With a day full of outdoor adventure planned, our group left the valley in three
vehicles early Saturday morning.
Our destination held much promise: we were going to see the world’s largest
travertine bridge, the state’s oldest standing schoolhouse, and the most
extensive and best preserved petroglyphs in the Verde Valley.
Our first stop was the Tonto Natural Bridge, a state park located just off
Highway 87, between Payson and the Pine/Strawberry area.
At 185 feet high with a 400 foot long tunnel, the bridge is believed to be the
largest natural travertine bridge in the world.
Climbing the stairs down to the bridge, we were fortunate to meet up with a park
ranger who shared some interesting facts about the formation as well as past
photos showing seasonal changes of the bridge itself.
We were able to see what the area looked like in recent winter months and were
glad that it was a warm, sunny May morning.
First stop: the Tonto Natural Bridge viewpoint
(photographer Andy is taking the photo).
It is unclear just how long the bridge has been in the making, but its origins
date back thousands of years.
The bridge is made of travertine, which is a kind of limestone formed from
We made our way under the bridge and were awed by the spectacular beauty of the
Standing underneath and looking up 183 feet, one can see the waterfall, fed by
Pine Creek, cascading over the upper ledge.
After taking time to enjoy the area and take photos, we began the trek up
through the tunnel.
Carefully picking our way over the rocks, we hiked up the trail, climbing over
slick rocks, squeezing between tight boulders, and occasionally sliding down
It was precarious in a few spots, but we made it to the top without mishap.
We enjoyed a picnic lunch in the shade of some large trees, then packed up and
headed to our next destination: the quaint town of Strawberry.
Trip Leader Debbie and daughter, Heather
Present and Past Waterfalls
The Strawberry Schoolhouse, on Fossil Creek Road, was built in 1884 and is the
oldest standing schoolhouse in Arizona.
There was a dispute over where to build the school originally, so a couple of
local cowboys solved the problem by measuring a length of calf rope to find the
midway point between two cabins.
The schoolhouse was erected on the spot and remains standing there today.
Considered quite luxurious for its time, the building was constructed of pine
logs and had a wood burning stove, a clock, an organ, an outdoor bell, and even
Factory made desks were purchased instead of benches.
Originally in Yavapai County, Bucky O’Neil was the school superintendent
– the same man whose statue stands in the Prescott Courthouse Square today.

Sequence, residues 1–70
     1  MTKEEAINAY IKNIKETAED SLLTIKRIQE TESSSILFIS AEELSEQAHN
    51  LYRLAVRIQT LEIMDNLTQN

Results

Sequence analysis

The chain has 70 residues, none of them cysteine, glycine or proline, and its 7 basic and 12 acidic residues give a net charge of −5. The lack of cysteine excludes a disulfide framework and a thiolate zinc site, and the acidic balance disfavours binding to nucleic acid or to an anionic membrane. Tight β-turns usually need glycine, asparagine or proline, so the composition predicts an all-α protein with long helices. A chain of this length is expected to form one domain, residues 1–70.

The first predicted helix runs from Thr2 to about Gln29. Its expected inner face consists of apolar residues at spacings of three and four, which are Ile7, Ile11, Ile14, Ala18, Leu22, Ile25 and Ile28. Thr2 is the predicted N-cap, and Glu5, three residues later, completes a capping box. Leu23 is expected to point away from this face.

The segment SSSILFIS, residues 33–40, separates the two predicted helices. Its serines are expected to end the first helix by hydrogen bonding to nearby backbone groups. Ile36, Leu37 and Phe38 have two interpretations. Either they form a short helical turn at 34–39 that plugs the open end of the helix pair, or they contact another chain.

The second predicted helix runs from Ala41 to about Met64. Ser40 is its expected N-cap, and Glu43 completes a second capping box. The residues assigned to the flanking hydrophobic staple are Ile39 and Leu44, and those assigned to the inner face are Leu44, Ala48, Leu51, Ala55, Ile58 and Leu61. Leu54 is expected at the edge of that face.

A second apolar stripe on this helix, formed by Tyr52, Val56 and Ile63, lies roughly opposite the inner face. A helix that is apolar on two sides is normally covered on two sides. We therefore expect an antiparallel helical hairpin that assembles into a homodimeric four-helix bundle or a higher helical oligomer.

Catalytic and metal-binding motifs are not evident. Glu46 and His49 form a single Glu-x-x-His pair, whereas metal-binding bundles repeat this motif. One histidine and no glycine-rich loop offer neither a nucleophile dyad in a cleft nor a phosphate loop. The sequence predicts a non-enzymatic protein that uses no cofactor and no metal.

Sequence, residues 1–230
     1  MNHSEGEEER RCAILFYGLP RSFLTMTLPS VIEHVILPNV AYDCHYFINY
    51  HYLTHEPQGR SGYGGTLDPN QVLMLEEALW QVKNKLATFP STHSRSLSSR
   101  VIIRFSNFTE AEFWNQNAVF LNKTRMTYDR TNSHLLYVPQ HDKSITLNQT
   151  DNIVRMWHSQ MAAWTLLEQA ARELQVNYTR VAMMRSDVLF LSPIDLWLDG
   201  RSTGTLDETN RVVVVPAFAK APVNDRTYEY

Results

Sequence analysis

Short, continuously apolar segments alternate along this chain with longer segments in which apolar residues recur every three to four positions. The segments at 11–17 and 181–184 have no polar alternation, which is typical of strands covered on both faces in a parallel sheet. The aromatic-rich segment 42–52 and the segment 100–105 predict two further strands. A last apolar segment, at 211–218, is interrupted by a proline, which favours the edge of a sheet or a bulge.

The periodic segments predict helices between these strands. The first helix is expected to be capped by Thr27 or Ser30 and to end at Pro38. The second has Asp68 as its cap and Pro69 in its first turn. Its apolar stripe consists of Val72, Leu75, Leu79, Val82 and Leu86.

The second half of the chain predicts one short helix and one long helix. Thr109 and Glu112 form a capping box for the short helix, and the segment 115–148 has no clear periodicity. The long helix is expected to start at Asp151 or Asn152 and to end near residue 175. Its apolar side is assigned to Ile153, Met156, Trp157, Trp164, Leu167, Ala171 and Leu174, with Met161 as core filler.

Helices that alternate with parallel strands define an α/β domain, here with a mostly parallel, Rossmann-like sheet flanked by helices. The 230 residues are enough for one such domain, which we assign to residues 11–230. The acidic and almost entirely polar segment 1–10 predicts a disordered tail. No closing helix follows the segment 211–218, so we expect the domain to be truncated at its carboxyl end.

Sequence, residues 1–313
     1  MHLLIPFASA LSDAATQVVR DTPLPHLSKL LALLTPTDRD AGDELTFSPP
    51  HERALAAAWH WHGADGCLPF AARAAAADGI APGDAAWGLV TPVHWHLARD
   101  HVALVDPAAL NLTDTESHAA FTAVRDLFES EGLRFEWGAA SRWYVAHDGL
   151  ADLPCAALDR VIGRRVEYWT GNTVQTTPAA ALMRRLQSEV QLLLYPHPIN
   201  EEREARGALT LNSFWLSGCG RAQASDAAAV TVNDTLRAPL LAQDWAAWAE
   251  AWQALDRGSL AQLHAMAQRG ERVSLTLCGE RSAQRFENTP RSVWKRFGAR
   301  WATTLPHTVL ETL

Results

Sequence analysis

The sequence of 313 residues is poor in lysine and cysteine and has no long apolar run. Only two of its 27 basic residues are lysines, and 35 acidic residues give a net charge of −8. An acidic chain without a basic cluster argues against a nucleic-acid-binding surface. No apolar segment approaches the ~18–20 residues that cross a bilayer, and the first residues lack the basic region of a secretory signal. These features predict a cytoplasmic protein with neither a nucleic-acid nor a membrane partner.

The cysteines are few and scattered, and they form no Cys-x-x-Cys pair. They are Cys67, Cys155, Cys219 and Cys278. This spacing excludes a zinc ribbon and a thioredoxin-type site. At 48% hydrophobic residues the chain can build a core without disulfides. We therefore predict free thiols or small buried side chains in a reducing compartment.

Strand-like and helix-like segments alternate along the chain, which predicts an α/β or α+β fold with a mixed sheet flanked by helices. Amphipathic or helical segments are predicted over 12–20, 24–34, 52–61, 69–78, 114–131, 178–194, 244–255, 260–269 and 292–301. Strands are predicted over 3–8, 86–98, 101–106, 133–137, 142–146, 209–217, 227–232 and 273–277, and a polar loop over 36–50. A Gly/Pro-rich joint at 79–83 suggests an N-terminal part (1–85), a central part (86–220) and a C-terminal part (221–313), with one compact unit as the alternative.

The schoolhouse served its original purpose for over 30 years; then it provided
temporary housing for newcomers to the area.
Restoration of the building began in the 1960s, and the building is now a
In addition to touring the building, our group was able to do some play-acting;
sitting in the desks, acting as teacher, and even donning a dunce cap.
Trailblazers thirsty for education.
From Strawberry, we drove up to Route 260, then north on I-17 until we reached
the turnoff to the V Bar V Ranch Heritage Site.
The site boasts the largest known display of ancient rock art in the Verde
There are literally hundreds of petroglyphs etched into the rock wall.
Animal and human figures, spirals, fish shapes, and serpents are among the many
shapes that reach higher than any man or woman could stretch; you can see the
markings of where the artist must have propped a ladder.
The rock art seen here is of the Beaver Creek style and is attributed to the
Southern Sinagua between A.D. 1150 and 1400.
The volunteer ranger explained how the inhabitants of the time were able to
create a “calendar” by the etchings in the rock wall according to
the where the sunlight fell during the various seasons.
It is hard to believe that archeologists date the petroglyphs back almost
1,000 years ago.
V Bar V Ranch boasts the largest petroglyphs in the Verde Valley.
Our road trip was not quite finished.
The group was holding up well and ready to see more.
Leaving V Bar V, we took a vote as to our next destination.
Since most of the group had previously visited Montezuma’s Castle,
we opted to head for the Montezuma Well instead. A good choice!
The short hike down to the outlet provided welcome shade from the
rising afternoon temperatures.
We found a delightful oasis along with more ancient dwellings at
the end of trail.
The well itself is a large sinkhole with 1.5 million gallons of warm water
flowing into it daily.
This water empties into an irrigation ditch which is still a water source
today for local residents.
Ancient cliff dwellings can be found at Montezuma Well.
Having spent the better part of the day together, it was time for our group
to go their separate ways.
Some headed directly back to the valley; others considered catching a view
of Montezuma’s Castle on the drive back.
My group headed for the infamous Rock Springs Cafˇ for dinner and pie.
Arizona, well suited for road trips, offers an abundance of sights to see.
Our trip was without a doubt, one of the best: packed with plenty of southwest
history, splendid sights, and a terrific group of troopers to travel with!
Photos courtesy of Michael, Quy, Ceci, and Andy.